See also: AirPods Sound Volume Issues, Fix

For AirPods Pro, the correct size tip should fit securely, but not uncomfortably in your ears. If you are not sure which size is best, you can use the Ear Tip Fit Test.

Ear Tip Fit Test

  1. Put your AirPods in your ears and go to Settings > Bluetooth on your iPhone (or iPad.)
  2. Find your AirPods in the device list and tap on the info (i) button next to your AirPods.
  3. Select Ear Tip Fit Test, then tap continue.
  4. Tap the Play button.

If the test suggests a different sized tip, you can try the suggested size, or adjust the AirPods in your ears and try the test again.

Third-Party Covers and Tips

There are some third-party covers out there specifically for AirPods Pro. See the AirPods section below for some of the pros and cons of the different types of covers and hooks for AirPods. There are also some third-party tips available that you might try for your AirPods Pro. Third-party replacement tips that fit in a similar manner to the original Apple tips shouldn’t cause a problem with fitting your AirPods in their charging case.


There are many third-party AirPods covers available. There are 3 types you can look for: covers, ear hooks and cover/ ear hook combinations.


The main problem with most AirPods covers is that the covers must be removed before the AirPods can be inserted into their charging case. Another problem with some covers is that they can be thin and tear easily or can be difficult to put on – which will be a pain when you have to take them off every time you need to charge your AirPods.

See also: AirPods Wireless Charging Not Working, Fix


There are hooks available for your AirPods. The hooks are designed to hook around the top of your ears in order to hold the AirPods in place. Because these attach simply to the stem of your AirPods and don’t have to be carefully fit around the “ear canal part” of the AirPods, they can be much easier to take on and off for charging.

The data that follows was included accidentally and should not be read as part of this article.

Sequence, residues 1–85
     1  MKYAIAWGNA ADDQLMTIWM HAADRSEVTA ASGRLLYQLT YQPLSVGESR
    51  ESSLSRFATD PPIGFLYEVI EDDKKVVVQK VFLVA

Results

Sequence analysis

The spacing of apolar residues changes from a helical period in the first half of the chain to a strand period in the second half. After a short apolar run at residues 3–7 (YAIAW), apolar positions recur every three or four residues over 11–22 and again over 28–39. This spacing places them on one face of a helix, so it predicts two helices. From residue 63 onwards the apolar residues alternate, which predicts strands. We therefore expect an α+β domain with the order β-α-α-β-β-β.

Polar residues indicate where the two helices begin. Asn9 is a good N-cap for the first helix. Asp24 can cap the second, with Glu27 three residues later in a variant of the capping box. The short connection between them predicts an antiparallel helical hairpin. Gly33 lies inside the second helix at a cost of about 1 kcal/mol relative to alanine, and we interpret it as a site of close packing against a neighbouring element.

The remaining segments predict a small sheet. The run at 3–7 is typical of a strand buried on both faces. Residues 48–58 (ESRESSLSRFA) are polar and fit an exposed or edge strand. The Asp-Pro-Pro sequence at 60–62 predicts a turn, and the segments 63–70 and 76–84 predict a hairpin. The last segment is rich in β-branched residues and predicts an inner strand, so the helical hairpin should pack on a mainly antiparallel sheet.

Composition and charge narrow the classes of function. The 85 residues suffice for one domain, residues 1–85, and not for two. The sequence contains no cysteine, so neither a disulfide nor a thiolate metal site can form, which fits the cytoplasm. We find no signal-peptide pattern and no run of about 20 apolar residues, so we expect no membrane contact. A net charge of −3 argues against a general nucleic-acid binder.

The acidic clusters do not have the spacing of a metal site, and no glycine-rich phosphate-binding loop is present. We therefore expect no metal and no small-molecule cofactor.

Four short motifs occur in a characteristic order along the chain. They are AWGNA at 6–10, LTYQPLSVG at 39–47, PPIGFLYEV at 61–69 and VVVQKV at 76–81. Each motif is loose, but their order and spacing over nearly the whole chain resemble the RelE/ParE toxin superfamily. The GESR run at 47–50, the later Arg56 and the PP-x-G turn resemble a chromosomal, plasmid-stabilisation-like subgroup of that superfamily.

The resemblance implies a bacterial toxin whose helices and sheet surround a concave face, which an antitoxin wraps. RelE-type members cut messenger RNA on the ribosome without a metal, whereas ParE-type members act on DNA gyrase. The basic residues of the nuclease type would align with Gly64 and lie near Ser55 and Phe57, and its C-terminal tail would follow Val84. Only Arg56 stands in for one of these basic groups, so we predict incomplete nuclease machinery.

See also: Red Exclamation Point On AirPods, Fix

Other Tricks

Waterproof Tape

Some users have had success with using a waterproof tape. This method has been described in several places now on the internet. We’ll describe it briefly here:

  • For the tape, try Nexcare 3M. This is the kind of tape recommended – not duct tape or scotch tape, etc. This tape is sort of cushiony, has a decent, waterproof adhesive and doesn’t leave much of a residue when removed.
  • To craft the pieces of tape you will need, try using a hole punch to punch out circular pieces of tape. You will use two for each AirPod. Place one on top and one on the bottom of the “ear canal part” of the AirPods. Certainly you can experiment with different sizes and shapes for your tape pieces, and with the tape placement on the AirPods.
  • Your AirPods should still fit in the charging case when you use this method.

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Dr. Stacey Butler is a tech writer at macReports covering news, how-tos, and user guides. She is a longtime Mac and iPhone user and holds a Ph.D. from the University of Illinois at Champaign-Urbana. Here is her LinkedIn profile.